Due diligence never has a good connotation. For companies raising money and management teams words like painful, slow, tedious, and torture come to mind. Pick your adjective. For investors, words like tedious, eye opening, boring and critical come to mind. Due diligence is critical to help VCs derisk our investments a bit.
I recently read a fabulous (now that is a word you never associate with due diligence!) article on the process. It was published by Lisa Suennen (I do not know Lisa) on PE Hub and is here. Lisa’s post includes a slide deck that explains her vision of due diligence as a 12 step program; this is clearly relevant as due diligence will drive anyone to the bottle! The slide deck is here.
The wonderful thing about Lisa’s presentation is that she asks questions throughout her entire deck. And they are the right questions. Preparing for due diligence using this presentation as a guide will greatly reduce the pain of going through the due diligence process. For companies raising funds and management teams, I suggest getting your ducks in a row in advance – create a separate folder in your investor file sharing system (dropbox or otherwise) for each category and then populate each folder with relevant materials and write-ups.
I hope this helps you survive due diligence! Have a great weekend.
Tough for me not to jump on the bandwagon when I see an article on the benefits of launching a startup in a small city.
Here is a most recent example from Inc. I agree with all 8 items listed, and I think Ithaca has 7 of the 8. Ithaca has centers of excellence (primarily at Cornell and now also at Coltivare; we have REV; we have good business locations to rent (with more being built); we have a really smart available workforce due primarily to Cornell, Ithaca College and TC3; companies clearly make a big splash when they are successful or exit; we have a very well connected startup community thanks to many events and eship-oriented groups; and Ithaca does allow for plenty of “focus” time. In my view, however, we could use more executive talent (so, all you seasoned execs, feel free to move here!).
In addition, one item not listed explicitly that I think should be on any list is that small cities are fabulous places to live and raise families. Easier, cheaper, “kids camp for everything”, great outdoor attractions, no traffic, 5 minute commutes, etc.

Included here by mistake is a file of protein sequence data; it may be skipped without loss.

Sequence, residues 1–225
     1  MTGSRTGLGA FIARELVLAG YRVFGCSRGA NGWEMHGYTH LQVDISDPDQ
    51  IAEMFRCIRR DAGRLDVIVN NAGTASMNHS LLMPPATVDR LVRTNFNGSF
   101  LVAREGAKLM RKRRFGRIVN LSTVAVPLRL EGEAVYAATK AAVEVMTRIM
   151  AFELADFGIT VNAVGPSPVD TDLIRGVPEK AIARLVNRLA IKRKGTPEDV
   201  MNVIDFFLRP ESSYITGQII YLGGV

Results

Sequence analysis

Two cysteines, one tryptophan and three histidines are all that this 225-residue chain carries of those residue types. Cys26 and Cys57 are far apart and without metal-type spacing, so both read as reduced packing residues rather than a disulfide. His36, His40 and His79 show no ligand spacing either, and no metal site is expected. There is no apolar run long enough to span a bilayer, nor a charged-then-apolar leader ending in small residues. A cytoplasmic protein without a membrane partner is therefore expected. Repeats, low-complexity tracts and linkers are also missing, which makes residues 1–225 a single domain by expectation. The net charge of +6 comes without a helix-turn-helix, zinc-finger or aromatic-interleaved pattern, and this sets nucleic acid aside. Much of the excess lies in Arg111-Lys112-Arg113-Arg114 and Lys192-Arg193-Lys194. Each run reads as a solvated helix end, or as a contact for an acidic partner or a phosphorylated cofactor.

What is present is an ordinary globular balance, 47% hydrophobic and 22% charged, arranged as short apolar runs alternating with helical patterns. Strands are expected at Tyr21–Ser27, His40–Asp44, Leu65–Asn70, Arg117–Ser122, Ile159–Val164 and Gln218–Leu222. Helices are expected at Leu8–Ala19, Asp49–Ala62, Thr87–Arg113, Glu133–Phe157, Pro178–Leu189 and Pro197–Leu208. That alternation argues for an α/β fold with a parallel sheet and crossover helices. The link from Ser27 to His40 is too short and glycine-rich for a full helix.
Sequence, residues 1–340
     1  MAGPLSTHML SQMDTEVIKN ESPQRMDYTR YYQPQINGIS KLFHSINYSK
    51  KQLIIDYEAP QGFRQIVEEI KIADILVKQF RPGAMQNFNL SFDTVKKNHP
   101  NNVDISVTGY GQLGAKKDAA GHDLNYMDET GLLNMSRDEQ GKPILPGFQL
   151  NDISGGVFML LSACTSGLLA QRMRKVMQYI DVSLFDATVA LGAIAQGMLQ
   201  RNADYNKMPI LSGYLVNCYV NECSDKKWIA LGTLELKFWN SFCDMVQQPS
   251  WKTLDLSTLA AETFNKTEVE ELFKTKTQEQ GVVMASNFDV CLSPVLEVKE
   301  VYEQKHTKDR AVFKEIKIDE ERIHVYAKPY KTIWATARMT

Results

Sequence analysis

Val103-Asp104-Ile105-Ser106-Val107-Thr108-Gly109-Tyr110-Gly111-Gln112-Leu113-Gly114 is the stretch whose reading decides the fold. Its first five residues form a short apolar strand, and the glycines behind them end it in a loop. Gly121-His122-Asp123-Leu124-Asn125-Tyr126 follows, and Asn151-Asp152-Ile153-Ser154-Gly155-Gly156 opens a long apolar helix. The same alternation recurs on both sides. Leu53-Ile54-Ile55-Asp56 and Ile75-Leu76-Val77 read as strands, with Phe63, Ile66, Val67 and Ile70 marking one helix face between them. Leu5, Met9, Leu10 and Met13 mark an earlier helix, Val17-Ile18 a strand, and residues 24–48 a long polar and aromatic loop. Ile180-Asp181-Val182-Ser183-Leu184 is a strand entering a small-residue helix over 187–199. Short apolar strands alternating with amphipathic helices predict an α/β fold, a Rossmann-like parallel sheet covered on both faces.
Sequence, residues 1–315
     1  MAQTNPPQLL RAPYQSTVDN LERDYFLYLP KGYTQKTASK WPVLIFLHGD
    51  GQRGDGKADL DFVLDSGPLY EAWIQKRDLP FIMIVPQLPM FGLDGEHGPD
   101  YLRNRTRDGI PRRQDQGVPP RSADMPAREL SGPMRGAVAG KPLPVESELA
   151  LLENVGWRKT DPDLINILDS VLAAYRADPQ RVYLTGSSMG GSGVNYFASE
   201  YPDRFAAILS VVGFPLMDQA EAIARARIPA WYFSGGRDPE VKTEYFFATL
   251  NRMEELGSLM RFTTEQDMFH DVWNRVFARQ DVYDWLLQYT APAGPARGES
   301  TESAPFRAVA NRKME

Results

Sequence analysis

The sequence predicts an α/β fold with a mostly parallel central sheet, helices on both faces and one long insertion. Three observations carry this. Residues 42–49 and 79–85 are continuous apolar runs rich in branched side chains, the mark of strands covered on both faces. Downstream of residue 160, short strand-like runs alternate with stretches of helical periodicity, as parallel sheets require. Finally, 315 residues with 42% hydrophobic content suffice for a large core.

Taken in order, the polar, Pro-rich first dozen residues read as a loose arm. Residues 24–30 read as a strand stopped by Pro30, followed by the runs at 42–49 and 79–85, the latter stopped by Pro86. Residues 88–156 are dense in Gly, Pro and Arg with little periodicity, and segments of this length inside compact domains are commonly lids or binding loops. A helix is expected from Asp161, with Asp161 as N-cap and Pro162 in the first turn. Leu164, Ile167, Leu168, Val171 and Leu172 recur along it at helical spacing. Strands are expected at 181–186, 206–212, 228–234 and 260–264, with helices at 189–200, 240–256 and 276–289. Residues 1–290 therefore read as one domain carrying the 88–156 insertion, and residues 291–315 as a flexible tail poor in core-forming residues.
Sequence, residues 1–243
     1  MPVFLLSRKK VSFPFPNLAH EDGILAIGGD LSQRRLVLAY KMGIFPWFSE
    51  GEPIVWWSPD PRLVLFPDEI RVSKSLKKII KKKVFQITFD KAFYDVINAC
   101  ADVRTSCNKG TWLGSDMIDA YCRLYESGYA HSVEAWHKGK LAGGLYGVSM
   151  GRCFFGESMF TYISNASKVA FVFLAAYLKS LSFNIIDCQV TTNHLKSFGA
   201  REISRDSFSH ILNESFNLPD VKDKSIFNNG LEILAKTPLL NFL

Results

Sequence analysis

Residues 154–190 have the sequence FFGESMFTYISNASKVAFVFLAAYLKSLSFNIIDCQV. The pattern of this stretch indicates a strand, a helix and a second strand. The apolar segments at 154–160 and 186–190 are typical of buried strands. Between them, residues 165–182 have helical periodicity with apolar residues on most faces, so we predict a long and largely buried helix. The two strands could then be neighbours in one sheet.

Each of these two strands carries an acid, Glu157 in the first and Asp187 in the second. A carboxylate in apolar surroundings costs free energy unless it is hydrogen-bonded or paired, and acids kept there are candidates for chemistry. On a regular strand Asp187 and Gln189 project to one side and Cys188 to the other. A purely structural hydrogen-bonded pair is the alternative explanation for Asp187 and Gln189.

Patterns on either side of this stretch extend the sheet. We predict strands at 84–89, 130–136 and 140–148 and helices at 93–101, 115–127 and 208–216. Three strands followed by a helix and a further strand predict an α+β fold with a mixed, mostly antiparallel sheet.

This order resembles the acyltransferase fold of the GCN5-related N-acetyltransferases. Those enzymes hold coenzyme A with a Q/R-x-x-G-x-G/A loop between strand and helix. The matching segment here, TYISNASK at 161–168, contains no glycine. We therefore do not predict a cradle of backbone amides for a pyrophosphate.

In short, Ithaca rocks for startups (and do many other small cities, but I am a little biased!).
I thought it might be interesting to pose a question and see who gets the right answer. The facts leading up to the question are a little complex, but I think the question is an easy one.
1. Company AB is an existing operating company that is doing well. Company XY is also an existing operating company that is doing well. Both AB and XY have venture investors. AB and XY are in the same industry “Z”, but have complementary product offerings.
2. Private equity firm LM wants to do a roll up of AB and XY to form a larger company with a broader range of product offerings in industry Z.
3. The plan is for private equity firm LM to make an offer to buy company XY. The structure of the offer is not irrelevant, but assume it would be a stock purchase. LM’s offer would be made through company AB, so that it feels like LM/AB are making the offer together with the end game being that AB’s management team would run the combined AB/XY company.
4. To finance the offer, private equity firm LM would first make an equity cash investment in AB. Then AB would use a big chunk of the investment cash to buy company XY. Company XY’s stockholders would thus be cashed out (and hopefully happy). At the end of the day, Company AB would own Company XY (they would likely do a legal merger) and the shareholders of Company AB, which now includes the private equity firm LM due to its equity investment in AB, own the combined companies.
5. Let’s assume that private equity firm LM invested $22 million in company AB in step 4 above. Let’s assume that $19 million of that is used to buy company XY (so $3 million of fresh cash is left in the combined company to fuel ongoing operations).
Question: as an existing investor in company AB what is the #1 most important fact not disclosed above that I need to know to figure out whether or not I am in favor of this proposed deal?
Leave your answers in the comments.
I just came across a super series of easy to understand videos on startup boards of directors. Brad Feld (Foundry Group) teamed up with the Kauffman Founders School and created about 35 minutes of content arranged in 7 relatively short video segments. Brad wrote about this today is his own blog.
It is worth viewing for anyone that has a board of directors or is considering forming one (for those in the very very very early stages). The videos are here on the Kauffman Founders School site. In fact, the site contains links to video series on a number of relevant startup topics (finance, leadership, selling, marketing, etc.). Easy viewing.
It is over 40 degrees and sunny here in Ithaca today. I saw some students in shorts!
A friend of mine just sent me a link to a CB Insights piece that presents the periodic table of VC bloggers. It is a pretty cool way of showing everyone!
Go to this link to check it out.
Anand (CEO at CB Insights), add links to the blogs in your next iteration!